Is it for you?

By Amy Newman

Shanna Switzer knew she wanted to homeschool even before she got married.

“I just really liked the idea of my kids being able to pursue their own passions and interests,” says the Anchorage mom of four kids, ranging in age from 3 to 14. When her oldest was ready for kindergarten, that feeling hadn’t left.

“I had been a stay-at-home mom, and it just seemed natural to continue to keep them at home,” she explains. “It just felt right at the time.”

An increasing number of families feel the same. During the 2016-2017 school year, roughly 12,208 Alaskan children (9 percent) were enrolled in a public or private homeschool program; those numbers don’t include independent homeschool families, who aren’t required to report to the state.

“Homeschool is the new norm,” says Kerry Boyd, superintendent of the Yukon Koyukuk School District.

Choosing to homeschool can seem daunting, but for those who want an alternative to the traditional brick-and-mortar school, homeschool can be the path to school success.

Why homeschool?

The reasons to homeschool are as varied as the families who choose to do it, says Andrea Cottrell, director of Raven Homeschool and Distance Education. Some feel the traditional classroom setting isn’t a good fit for their child’s needs, while others enjoy the flexibility to explore passions and interests not always covered in a brick-and-mortar school. Whatever the reason, homeschool parents have the same goals as any other parent when it comes to their child’s education.

“They want (their children) to be successful, like any parent,” Andrea explains.

Families can homeschool through a public or private program, or independently. One benefit of homeschool programs is the built-in support, Andrea says. Advisory teachers and counselors, many of whom homeschooled their own children, are available throughout the year to provide teaching and general support to families.

Families enrolled in homeschool programs also receive a financial allotment for each child, which can be used to purchase educational materials.

“We can purchase curriculum, supplies or resources that are needed,” Andrea explains. The allotment can also help defray the cost of activities, such as field trips to museums or plays, provided the activity is aligned with the child’s academic goals, she adds.

Designing a homeschool educational program

One of homeschool’s primary attractions is the ability to design an educational program that meets the specific needs of each child, says Daryl Bowers, director of IDEA Homeschool.

“I think what’s unique and most alluring about homeschool is it allows every child the opportunity to have an education that is totally individualized and totally customizable,” he explains. “The thing that homeschooling allows is for a parent to choose a curriculum for their kid that meshes best with them.”

Independent homeschool families research and choose curricula on their own; families enrolled in a homeschool program work with advisory teachers to create an individualized learning program (ILP) that considers the family’s academic goals, the child’s learning style and any other needs before choosing a curriculum aligned with those needs, Daryl explains. As a child’s needs change, homeschooling’s inherent flexibility allows parents to change not only the curriculum, but its delivery as well, Kerry says. For example, students can enroll in college or traditional correspondence courses as they grow into more advanced subjects.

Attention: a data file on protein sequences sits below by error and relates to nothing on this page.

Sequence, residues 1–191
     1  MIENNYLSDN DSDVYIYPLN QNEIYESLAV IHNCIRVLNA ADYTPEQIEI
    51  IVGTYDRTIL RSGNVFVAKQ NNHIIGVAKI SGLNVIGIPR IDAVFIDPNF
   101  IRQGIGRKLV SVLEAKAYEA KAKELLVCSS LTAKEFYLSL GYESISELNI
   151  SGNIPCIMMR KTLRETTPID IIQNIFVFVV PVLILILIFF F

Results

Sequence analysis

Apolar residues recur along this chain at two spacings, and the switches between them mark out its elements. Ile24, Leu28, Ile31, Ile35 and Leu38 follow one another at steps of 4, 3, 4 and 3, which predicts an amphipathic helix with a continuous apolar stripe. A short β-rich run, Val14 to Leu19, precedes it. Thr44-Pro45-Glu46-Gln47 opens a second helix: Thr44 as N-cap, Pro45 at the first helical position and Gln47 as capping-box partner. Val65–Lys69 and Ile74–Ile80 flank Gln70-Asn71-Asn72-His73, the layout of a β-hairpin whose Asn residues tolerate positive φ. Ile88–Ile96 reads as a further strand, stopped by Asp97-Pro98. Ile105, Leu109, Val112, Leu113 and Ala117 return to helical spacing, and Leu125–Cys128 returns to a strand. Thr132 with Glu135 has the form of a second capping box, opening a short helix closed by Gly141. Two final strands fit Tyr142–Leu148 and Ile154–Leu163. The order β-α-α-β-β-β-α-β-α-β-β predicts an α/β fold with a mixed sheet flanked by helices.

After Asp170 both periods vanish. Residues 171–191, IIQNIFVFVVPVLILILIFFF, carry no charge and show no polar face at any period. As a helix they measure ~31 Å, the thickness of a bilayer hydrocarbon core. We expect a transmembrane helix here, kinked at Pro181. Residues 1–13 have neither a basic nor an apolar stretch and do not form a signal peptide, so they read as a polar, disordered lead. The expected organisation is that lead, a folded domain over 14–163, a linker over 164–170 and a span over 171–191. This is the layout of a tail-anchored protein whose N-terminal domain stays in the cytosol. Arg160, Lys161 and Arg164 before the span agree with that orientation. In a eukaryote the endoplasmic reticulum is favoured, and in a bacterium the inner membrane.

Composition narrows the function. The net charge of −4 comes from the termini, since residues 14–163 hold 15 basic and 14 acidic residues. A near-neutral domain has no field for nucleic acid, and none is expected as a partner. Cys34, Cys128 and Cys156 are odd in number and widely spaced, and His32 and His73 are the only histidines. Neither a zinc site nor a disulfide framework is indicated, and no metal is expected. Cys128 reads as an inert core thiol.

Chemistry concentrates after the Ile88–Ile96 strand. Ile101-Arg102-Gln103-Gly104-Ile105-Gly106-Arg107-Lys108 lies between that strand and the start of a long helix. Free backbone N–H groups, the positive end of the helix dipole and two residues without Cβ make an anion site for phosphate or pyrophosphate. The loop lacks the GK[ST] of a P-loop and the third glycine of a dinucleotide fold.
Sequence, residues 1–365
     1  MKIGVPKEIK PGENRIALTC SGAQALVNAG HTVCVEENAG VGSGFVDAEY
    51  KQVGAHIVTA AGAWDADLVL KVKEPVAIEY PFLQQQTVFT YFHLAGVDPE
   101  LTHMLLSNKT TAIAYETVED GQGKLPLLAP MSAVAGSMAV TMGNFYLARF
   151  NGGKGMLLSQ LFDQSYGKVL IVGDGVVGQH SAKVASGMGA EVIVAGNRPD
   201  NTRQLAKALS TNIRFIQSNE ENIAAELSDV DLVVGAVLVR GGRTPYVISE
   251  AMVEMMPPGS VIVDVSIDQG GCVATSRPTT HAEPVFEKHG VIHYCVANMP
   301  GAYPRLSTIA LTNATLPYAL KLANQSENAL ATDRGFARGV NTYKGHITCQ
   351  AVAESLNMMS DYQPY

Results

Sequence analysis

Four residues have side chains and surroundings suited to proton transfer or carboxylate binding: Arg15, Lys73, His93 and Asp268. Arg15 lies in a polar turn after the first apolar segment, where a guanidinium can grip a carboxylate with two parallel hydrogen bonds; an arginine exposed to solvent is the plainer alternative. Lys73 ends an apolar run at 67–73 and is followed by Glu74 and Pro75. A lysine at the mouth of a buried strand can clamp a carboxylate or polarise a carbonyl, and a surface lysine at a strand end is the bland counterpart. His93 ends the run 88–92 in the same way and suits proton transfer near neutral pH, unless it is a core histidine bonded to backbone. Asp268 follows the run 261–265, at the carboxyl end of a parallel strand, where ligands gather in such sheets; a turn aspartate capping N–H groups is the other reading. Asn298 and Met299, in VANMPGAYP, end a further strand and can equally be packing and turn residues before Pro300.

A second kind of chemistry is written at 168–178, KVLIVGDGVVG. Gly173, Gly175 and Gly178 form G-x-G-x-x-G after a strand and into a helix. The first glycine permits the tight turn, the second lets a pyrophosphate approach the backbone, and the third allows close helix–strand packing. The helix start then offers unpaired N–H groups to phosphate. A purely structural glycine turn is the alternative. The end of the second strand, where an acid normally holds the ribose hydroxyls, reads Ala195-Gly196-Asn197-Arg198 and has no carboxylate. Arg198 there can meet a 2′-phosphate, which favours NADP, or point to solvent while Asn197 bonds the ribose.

Socialization and homeschooling

Any discussion of homeschooling inevitably turns to the question of whether it affects a child’s social development. It’s a question that makes Shanna laugh.

“We have to really limit the things that we allow our kids to participate in because there are so many options out there,” she says.

Homeschool co-ops provide opportunities to participate in clubs, group activities, even lessons led by other parents, she says. And because her children aren’t spending six-plus hours per day sitting in a classroom, Shanna adds, they have more time to participate in extracurricular activities like dance.

The challenges of homeschooling

Like every aspect of parenting, homeschooling has its challenges. Establishing a routine and setting expectations is “easy peasy” for families whose kids are homeschooled from the start, says Daryl, but it can become more difficult if you begin when a child is older and becoming more independent.

If a parent is leaving the workforce to begin homeschooling the kids, the switch from a two-income to single-income household can be another huge adjustment, he adds. Accepting that homeschool success won’t happen in a day is another challenge.

Avoiding burnout from full-time parenting and teaching duties is another challenge, but Shanna says being proactive about taking time for herself and turning to her contact teacher and friends for support, guidance and encouragement helps keep her going.

The benefits, Daryl says, vastly outweigh the challenges.

“People are finding a lot of success in homeschool, not just academically and socially, but for their family,” he says. “They have more time to spend with the family and are less tired and frazzled.”

Do your homework

If you’re considering homeschooling, do some digging to find out what will fit your kids’ needs and wants best. Research online and call the programs.

“They should reach out and ask a lot of questions,” encourages Kerry Boyd of the Yukon Koyukuk School District. “And speak with other homeschooling families, or speak with the program itself.”

When considering homeschooling, remember that the choice doesn’t have to be permanent. “You can always change course,” says Shanna.

“You can always change your mind, so there’s no harm in seeing how it works for your family.”